Dismiss Notice
Join Physics Forums Today!
The friendliest, high quality science and math community on the planet! Everyone who loves science is here!

Tidal stresses during inflation

  1. Sep 21, 2006 #1
    Over in the Relativity forum, in the thread "Metrics and Forces", I have been brought (in fact dragged kicking and screaming, by Pervect) to the following view: In the FRW universe with matter, as gravity slows expansion, compressive tidal stresses develop in any entity that is bound by non-gravitational interactions. These stresses are due to accelerations of H ^ 2 per unit separation of the bound entity's elements, where H is the Hubble constant in units of (sec ^ -1).

    In a universe with lambda = 0 and where H is about 70 Km/sec/Mpc, or about 10 ^ -19 /sec, these accelerations (and the corresponding compressive stresses they generate in, say, solids bound by electromagnetic interactions) would be entirely imperceptible.

    In the inflating early universe, where expansion is exponential, these accelerations are bigger. Much bigger. If one estimates H roughly, from the postulated inflation of the universe by a factor of about 10 ^ 43 in 10 ^ -34 sec,(see Liddle, Intoduction to Modern Cosmology, p. 106), H turns out to be about 10 ^ 77 /sec. The acceleration per unit separation of any bound elements is then very large, about 10 ^ 154 m/sec ^2. The accelerations are due to the speeding up of expansion and would cause dilation pull-apart stresses in any bound entity.

    There may not be any bound entities in an inflating universe, which I understand is postulated to be a universe where all the forces of nature are the same and where all the force carriers are massless and travel at c. I don't know whether in such a situation the FRW model is even thought to apply.

    But does anyone know if such extreme internal accelerations are thought to have any consequences for the inflationary scenario? Say to disrupt even Higgs particles? Or to prevent them forming?
     
    Last edited: Sep 21, 2006
  2. jcsd
  3. Sep 21, 2006 #2
    Ok. First off ill admit im at a loss as to most of what youre saying, so ill have to guess (this is because im dumb not becuase your post sucked :P)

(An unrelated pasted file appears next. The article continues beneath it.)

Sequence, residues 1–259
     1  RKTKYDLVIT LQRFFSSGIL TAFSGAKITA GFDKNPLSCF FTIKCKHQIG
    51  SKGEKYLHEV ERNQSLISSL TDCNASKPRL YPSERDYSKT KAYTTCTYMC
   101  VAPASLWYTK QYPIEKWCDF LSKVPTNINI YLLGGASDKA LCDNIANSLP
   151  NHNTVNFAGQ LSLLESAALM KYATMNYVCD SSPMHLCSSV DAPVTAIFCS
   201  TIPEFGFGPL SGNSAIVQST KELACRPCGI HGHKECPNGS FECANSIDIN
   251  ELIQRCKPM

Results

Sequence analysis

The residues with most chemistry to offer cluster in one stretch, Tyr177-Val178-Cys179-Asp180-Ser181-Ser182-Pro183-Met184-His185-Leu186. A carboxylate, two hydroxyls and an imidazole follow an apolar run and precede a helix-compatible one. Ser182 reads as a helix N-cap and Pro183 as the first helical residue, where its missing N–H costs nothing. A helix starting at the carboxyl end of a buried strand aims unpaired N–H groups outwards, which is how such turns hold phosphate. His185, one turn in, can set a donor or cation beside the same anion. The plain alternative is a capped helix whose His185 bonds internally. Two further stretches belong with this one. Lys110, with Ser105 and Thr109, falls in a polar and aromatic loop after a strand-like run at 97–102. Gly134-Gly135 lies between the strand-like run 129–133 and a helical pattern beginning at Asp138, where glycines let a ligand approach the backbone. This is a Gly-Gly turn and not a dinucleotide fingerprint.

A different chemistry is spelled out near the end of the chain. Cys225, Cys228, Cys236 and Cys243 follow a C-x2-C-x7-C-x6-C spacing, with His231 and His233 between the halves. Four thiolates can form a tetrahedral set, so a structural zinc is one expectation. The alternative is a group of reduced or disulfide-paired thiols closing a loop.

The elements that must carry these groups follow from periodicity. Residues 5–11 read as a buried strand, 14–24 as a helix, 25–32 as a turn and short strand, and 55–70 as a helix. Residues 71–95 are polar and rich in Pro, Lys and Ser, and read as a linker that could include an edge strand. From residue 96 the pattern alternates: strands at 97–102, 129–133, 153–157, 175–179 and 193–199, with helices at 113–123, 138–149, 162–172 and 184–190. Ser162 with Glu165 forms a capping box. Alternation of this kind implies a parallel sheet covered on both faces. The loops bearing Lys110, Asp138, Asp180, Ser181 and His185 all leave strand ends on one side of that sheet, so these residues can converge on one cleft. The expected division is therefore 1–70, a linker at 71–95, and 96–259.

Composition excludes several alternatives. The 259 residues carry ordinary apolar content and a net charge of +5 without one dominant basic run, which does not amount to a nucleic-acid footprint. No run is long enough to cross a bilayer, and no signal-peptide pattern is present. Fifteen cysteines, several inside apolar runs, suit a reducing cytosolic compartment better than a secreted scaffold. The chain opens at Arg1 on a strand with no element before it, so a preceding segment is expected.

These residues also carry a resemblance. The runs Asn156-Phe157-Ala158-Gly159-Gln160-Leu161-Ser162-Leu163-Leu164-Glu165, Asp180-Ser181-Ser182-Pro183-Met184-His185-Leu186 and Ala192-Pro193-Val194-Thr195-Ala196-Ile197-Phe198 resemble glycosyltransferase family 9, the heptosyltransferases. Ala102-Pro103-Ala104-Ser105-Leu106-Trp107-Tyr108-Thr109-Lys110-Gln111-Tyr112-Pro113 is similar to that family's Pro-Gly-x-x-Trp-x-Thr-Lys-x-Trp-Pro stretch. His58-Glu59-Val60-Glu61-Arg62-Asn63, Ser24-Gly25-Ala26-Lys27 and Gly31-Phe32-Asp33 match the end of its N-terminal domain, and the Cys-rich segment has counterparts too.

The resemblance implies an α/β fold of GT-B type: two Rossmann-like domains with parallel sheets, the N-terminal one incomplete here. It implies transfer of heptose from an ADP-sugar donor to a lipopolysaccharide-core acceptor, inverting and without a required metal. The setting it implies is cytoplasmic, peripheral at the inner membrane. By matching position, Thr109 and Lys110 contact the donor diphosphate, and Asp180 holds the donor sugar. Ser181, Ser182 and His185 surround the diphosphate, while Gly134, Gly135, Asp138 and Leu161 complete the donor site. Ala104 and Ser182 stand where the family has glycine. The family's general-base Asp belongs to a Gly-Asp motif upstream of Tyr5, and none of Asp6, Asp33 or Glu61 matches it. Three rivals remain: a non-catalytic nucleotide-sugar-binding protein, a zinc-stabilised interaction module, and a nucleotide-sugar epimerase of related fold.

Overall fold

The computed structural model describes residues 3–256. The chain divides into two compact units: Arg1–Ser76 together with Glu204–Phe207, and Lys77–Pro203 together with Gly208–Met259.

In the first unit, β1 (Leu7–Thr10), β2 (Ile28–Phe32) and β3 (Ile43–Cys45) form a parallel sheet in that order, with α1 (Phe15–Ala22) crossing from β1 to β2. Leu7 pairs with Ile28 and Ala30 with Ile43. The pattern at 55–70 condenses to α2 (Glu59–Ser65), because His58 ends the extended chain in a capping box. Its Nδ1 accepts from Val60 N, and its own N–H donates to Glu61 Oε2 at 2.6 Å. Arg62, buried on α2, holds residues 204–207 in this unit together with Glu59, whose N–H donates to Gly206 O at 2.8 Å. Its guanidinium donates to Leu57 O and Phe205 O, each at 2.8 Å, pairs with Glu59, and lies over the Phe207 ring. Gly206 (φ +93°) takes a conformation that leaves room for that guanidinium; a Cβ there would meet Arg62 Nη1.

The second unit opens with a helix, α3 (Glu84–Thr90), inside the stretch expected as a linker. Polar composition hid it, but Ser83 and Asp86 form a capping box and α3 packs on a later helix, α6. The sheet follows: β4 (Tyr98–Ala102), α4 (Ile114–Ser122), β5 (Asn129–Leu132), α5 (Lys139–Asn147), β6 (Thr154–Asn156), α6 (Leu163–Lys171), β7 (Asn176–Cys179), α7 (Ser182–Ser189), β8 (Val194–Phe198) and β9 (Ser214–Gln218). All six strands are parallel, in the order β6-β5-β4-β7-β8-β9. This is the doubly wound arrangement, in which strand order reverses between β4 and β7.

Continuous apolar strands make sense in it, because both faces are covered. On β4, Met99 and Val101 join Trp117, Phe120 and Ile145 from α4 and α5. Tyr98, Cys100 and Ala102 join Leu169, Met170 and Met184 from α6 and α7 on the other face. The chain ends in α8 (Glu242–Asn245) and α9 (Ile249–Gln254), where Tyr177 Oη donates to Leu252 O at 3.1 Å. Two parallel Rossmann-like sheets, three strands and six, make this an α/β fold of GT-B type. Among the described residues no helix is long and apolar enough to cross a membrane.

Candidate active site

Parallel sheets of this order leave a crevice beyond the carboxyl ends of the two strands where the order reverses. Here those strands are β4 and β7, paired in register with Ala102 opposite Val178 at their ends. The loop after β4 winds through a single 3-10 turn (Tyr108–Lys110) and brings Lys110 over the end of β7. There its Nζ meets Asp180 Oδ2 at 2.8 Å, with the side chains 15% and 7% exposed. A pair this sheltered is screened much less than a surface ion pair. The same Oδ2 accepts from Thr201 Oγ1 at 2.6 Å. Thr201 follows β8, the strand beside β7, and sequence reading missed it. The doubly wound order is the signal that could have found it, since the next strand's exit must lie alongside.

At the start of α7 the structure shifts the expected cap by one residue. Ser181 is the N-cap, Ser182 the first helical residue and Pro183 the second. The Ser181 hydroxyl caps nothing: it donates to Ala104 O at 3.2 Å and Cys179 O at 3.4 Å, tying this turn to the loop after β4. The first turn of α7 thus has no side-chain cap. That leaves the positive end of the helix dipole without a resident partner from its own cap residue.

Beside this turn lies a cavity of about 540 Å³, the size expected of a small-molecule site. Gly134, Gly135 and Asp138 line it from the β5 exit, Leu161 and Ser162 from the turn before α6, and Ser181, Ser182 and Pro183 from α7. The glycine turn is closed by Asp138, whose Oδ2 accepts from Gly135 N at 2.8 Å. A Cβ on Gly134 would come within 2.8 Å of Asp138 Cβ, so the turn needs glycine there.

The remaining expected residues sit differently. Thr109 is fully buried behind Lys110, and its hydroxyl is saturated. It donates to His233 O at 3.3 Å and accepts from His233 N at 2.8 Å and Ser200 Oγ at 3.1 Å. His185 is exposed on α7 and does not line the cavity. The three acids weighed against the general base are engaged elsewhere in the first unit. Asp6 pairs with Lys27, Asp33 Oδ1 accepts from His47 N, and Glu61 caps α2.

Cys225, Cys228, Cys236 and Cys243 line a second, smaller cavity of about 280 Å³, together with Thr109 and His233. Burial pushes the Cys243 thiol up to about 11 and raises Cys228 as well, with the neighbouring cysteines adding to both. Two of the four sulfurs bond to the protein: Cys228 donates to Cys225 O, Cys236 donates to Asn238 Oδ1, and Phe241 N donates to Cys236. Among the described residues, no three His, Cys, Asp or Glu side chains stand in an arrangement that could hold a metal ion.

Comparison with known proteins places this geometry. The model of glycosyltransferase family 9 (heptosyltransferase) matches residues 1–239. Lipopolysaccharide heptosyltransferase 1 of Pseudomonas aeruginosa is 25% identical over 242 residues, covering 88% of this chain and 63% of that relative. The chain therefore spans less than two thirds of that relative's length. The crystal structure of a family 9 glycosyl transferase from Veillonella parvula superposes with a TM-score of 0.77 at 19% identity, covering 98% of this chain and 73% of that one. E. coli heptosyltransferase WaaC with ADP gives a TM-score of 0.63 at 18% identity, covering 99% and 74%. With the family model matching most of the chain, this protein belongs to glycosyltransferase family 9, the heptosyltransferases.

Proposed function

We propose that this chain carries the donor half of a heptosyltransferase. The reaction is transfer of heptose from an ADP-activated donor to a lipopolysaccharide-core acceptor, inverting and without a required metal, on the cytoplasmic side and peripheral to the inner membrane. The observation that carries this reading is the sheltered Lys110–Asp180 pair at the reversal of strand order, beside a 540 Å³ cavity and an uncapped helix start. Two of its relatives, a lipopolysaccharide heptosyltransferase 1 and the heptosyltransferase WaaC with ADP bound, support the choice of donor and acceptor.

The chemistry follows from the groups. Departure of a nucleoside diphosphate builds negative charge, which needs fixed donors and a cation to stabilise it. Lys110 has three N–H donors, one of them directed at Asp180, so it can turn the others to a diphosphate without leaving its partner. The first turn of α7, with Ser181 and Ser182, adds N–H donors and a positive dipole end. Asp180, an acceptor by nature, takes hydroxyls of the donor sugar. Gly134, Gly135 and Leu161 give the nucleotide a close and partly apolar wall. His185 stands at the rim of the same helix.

you are asking if the tidal forces, or gravitational forces, of an exponentially expanding universe would rip things appart and prevent your higgs particle? (if this is wrong, ignore the rest :P)

    whilst its a good point, its always good to point out when discussing inflation that it is space time expanding. This means that there is no actual relativistic velocity between two points, even though they are 'moving apart'. This, as far as i know, means a.) the universe can expand faster than the speed of light b.) time dilation and other affects dont count

    from this i would assume that the normal tidal forces experienced in such a motion also wouldnt apply

    not sure tho
     
  4. Sep 21, 2006 #3
    Yes, this is more or less what I assumed before starting my thread in the relativity forum. But after quite a struggle (while I kicked and screamed), I was in the end persuaded that there are real (compressive/dilational) tidal forces that develop as expansion (slows down/speeds up). Trust the general relativity experts!
     
  5. Sep 21, 2006 #4

    pervect

    User Avatar
    Staff Emeritus
    Science Advisor

    Just a quick note: the tidal forces due to the gravity of a uniform distribution of matter are compressive (in GR). The tidal forces due to the cosmological constant in a De-sitter space-time are of the opposite sort, i.e. they'd cause tension.

    Out of a long thread, the post that most clearly (IMO) computes the value of the tidal forces is

    https://www.physicsforums.com/showpost.php?p=1079457&postcount=38
     
Know someone interested in this topic? Share this thread via Reddit, Google+, Twitter, or Facebook

Have something to add?